Every time we feel that our dysfunctional political system and its political leaders have descended to an all-time low, we wake up the next morning to learn of additional shenanigans and irresponsible behavior by those we elected to represent us.
It is outrageous that such behavior is tolerated when we are surrounded by barbarians committed to our destruction, facing a tsunami of global anti-Semitism and confronted with greater hostility from the world at large than any time since our creation.
Surely at such a time our lawmakers are obliged to set aside partisan politics, act in accordance with the national interest and make every effort to display a united front.
Benjamin Netanyahu remains head and shoulders above any other politician in terms of appreciating the global challenges confronting us. His remarkable electoral victory should have enabled him to form a broad and solid government. Instead, he only just managed to scrape together a coalition with a one-vote majority – an utterly unsustainable situation.
How did this happen?
The underlying cause is the dysfunctional electoral system that spawns a multiplicity of small parties, most of which operate as personal fiefdoms or promote one-dimensional policies.
But with Netanyahu’s extraordinary victory, this could have been avoided had it not been for his inept mishandling of coalition negotiations, a failure to adhere to commitments, and his seemingly inevitable ongoing fallout with his most devoted followers.
He should have initially outlined the parameters of his government, treating all parties equitably in proportion to their numbers, and proclaimed that if, beyond minor modifications, an agreement was not reached at the end of the 28-day period, he would turn to the opposition and if that failed, call an election. This would almost certainly have worked because any party forcing another election would have been decimated by the voters.
However, Netanyahu outraged most of the country including his own colleagues by initially singling out the haredim and capitulating to all their demands, including the ministerial appointment of Aryeh Deri, a convicted felon.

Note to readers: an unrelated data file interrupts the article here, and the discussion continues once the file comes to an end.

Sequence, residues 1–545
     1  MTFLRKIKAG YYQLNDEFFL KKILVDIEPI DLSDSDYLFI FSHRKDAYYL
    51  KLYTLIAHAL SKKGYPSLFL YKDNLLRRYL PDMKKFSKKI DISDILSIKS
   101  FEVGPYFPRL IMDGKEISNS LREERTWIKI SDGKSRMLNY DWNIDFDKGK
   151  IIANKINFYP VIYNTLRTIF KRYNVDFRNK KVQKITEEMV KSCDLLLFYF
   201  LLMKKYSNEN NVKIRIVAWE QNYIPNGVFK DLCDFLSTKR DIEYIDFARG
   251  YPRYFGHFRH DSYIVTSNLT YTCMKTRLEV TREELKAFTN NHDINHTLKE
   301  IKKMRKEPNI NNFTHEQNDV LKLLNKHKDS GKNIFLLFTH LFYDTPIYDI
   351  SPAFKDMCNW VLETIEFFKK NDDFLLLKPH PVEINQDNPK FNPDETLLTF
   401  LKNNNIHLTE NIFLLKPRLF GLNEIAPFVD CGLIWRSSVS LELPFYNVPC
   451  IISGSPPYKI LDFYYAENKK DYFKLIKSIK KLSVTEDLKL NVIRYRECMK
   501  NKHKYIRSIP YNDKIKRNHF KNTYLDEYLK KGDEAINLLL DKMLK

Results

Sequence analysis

He effectively nullified all the reforms undertaken by his former government to integrate the ultra-Orthodox into the workforce and encourage them to share the burdens of citizenship. He repudiated the religious Zionist formula to decentralize the exclusive stringent haredi administration of marriage, divorce and conversion which is implemented with a deadening, bureaucratic approach lacking compassion. In addition, Netanyahu also dispensed with the requirement for haredi state-sponsored education to incorporate secular studies to enable graduates to earn a livelihood.
From that point, coalition building became transformed into a seamy bazaar in which each party sought to extort as much as possible without consideration to the national interest.
Netanyahu failed to consult his staunchest ally, Habayit Hayehudi, until he had consummated deals with all other parties, not anticipating Avigdor Lieberman’s defection. One cannot blame Naftali Bennett for exploiting the situation and maximizing his party’s role in the coalition.
Only moments before the expiration of his allotted time, a coalition with a majority of one was finally cobbled together. There were then further upheavals as the remaining ministerial portfolios were distributed amongst irate Likud members. Inexplicably, Netanyahu’s most loyal supporters were abandoned, resulting in senior Likud officials complaining that their commitment and loyalty to Netanyahu could be compared to a moth attracted to a fire which consumed it.
Gilad Erdan, Likud’s rising star, who topped the party primaries and displayed total loyalty and commitment to Netanyahu, pleaded to become foreign minister, even undertaking to step down in the event of a wider government being formed. Yet his request was denied. Instead, Netanyahu retained the post himself and appointed as deputy foreign minister Tzipi Hotovely, who is totally opposed to ever relinquishing territory under any circumstances. Yuval Steinitz, another Netanyahu loyalist also highly qualified to operate the Foreign Ministry, was likewise bitterly disappointed.